Monday, October 15, 2018

US Retail Sales data may help Dollar and stocks push to the upside today

  • Dollar
  • Gold
  • Yen
  • Euro
  • Pound
  • Stocks
  • US Retail Sales


Volatility will remain elevated throughout the week with politics and fresh data keeping traders on their toes. The major currencies will take their cue from the US retail sales figures' release, the degree of progress in the Brexit negotiations and equities' reaction to the strong losses seen last week. The Pound already started the week in the red as rumors that talks in Brussels have come to a stop again dampen sentiment while Oil is on the offensive after Saudi Arabia responded to threats of US sanctions.

The Dollar picked up pace once again at the end of last week as market participants seem to realize that even though we've seen a slight deterioration in domestic data, the US growth remains strong. Further to this, today's retail sales figures will be closely monitored for obvious reasons: a robust reading - as expected - will allow investors to refocus on the strong US growth story and the greenback should proceed higher again while a miss will trigger the opposite effect as uncertainty over the US' performance will intensify. Later in the week, the FOMC meeting's minutes will naturally echo the Fed's bullish stance so our attention should rather be focused on the fresh data as the central bank's view is already priced in. The Dollar/Yen treads water just above the 112 mark this morning and the retail sales data release while either push prices towards 113 again or force a deeper correction towards 111.50.

The Pound started the week in a bearish tone dropping below 1.31 when Asia opened for trading; news from Brussels that the talks have been put on ice once again and that the Irish border still remains the thorny issue forced investors to reduce their exposure on the UK currency. Earlier in the month, Sterling enjoyed broad gains as speculation for a deal prompted investors to pile on their longs but with little progress seen nervousness seems to be triggering some profit-taking. In any case, the Pound's outlook will depend on whether any progress will be seen before or during the EU summit on Thursday while the inflation and employment figures will take a backseat. In terms of price action, a disappointing development will drive prices towards the 1.3050 area and a break below that will expose the 1.2950 level, while meaningful progress will attract more buying interest and propel Sterling towards 1.33.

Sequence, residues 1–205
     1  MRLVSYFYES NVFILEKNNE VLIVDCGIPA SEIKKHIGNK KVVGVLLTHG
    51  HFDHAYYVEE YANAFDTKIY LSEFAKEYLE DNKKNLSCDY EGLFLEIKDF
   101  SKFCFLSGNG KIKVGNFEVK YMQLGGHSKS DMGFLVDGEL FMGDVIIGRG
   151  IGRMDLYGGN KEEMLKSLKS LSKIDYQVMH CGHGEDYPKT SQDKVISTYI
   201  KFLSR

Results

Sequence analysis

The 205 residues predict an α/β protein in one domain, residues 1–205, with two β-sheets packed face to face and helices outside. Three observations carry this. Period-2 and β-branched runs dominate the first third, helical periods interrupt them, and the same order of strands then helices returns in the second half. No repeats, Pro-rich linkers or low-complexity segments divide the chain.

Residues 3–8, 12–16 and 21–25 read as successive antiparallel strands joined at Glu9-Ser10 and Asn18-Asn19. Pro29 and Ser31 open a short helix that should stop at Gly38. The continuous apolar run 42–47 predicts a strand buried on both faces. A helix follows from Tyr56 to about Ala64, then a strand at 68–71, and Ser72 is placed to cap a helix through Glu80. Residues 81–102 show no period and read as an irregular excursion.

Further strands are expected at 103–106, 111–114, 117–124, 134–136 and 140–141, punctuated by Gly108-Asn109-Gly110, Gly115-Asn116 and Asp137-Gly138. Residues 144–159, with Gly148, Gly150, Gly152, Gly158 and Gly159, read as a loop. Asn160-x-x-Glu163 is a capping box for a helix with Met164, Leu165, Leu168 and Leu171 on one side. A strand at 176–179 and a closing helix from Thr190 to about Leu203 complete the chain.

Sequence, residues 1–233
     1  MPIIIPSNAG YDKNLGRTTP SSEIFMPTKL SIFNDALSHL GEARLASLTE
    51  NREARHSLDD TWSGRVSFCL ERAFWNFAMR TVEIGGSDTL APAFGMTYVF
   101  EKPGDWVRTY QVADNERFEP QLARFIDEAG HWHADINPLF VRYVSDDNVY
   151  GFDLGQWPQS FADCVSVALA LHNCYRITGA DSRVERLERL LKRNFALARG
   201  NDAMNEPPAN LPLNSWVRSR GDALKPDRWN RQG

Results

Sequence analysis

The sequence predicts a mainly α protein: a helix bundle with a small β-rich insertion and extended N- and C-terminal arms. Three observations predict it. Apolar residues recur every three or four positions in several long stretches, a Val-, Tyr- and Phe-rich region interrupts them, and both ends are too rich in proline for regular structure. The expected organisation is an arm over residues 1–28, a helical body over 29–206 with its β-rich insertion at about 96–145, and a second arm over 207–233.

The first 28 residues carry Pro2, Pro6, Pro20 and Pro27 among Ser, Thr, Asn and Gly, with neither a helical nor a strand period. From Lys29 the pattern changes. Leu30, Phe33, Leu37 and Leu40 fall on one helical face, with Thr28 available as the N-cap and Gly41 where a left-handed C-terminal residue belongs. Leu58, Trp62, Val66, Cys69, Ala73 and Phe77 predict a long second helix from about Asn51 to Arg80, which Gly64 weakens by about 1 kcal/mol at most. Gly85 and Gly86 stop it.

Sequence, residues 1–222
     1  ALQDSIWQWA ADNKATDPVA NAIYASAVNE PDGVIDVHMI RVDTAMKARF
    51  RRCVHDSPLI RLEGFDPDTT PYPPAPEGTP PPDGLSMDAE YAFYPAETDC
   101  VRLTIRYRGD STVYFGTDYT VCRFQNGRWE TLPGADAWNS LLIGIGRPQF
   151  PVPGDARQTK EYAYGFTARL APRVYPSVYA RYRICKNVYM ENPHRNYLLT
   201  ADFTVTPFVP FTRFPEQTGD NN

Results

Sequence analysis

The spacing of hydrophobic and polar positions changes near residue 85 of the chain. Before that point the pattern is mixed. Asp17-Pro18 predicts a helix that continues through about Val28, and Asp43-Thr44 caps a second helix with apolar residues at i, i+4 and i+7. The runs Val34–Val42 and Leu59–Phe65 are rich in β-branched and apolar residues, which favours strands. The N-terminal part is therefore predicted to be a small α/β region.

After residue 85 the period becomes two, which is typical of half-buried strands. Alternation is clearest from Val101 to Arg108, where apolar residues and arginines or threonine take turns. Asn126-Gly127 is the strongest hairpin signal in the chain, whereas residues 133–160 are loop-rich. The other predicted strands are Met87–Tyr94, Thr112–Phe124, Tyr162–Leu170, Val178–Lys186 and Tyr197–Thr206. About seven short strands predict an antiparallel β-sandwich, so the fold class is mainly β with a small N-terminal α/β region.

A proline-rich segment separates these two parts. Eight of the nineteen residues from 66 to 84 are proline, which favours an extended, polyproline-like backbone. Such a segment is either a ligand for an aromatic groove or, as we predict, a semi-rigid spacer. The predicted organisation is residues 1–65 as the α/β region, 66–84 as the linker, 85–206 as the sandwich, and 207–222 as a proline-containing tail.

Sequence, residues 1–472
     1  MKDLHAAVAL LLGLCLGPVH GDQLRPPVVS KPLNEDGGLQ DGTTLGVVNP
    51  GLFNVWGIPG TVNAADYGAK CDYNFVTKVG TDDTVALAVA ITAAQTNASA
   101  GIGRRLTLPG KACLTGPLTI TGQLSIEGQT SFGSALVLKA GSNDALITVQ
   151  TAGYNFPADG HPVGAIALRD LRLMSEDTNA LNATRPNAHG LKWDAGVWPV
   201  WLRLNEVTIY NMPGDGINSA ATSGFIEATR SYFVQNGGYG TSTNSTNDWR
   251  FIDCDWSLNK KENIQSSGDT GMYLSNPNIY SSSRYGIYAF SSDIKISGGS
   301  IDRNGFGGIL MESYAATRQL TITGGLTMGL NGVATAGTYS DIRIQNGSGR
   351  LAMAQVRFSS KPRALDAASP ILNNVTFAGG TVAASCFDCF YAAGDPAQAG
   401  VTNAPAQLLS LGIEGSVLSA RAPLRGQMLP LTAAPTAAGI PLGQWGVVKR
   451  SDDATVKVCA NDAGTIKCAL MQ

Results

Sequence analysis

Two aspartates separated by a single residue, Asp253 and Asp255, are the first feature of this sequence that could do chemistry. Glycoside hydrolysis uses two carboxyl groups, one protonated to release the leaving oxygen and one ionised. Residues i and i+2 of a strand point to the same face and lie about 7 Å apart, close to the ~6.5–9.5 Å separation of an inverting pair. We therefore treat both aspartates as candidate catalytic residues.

Commodities seem to be trading with a bullish bias this morning with Gold consolidating its gains and Oil looking to build up momentum. The yellow metal took advantage of Dollar's weakness last week and managed to break outside its former sideways range. Given that we've seen a similar break - to the downside that time - last month which was quickly negated we hold a cautious view over Gold's outlook: a strong US retail sales report today will put pressure on prices again and the $1,214 support will be put to the test. As such, if Gold manages to hold above this key support then more gains will be likely, otherwise a return to the sideways, directionless price action might be the next step. Oil is trying to come off its $71 lows but we will need a break above the $72.50 resistance for more gains to come; should this happen then $75 will be the next target.

Equities ended last week in a mixed manner with Europe slightly in the red while the US markets were able to close in positive territory. This morning however, Asia is showing strong losses while futures on both sides of the pond are trending to the downside. Clearly investors are still concerned about the prospects of US domestic growth against a backdrop of trade tensions combined with a hawkish Fed that looks to keep raising rates. A positive US consumer report may help alleviate some of the nervousness among stock investors but we will need a string of encouraging figures to alter the bearish sentiment at this point.


  • US Retail Sales - 4.30pm

All times are GMT +4.

Written by Konstantinos Anthis, Head of Research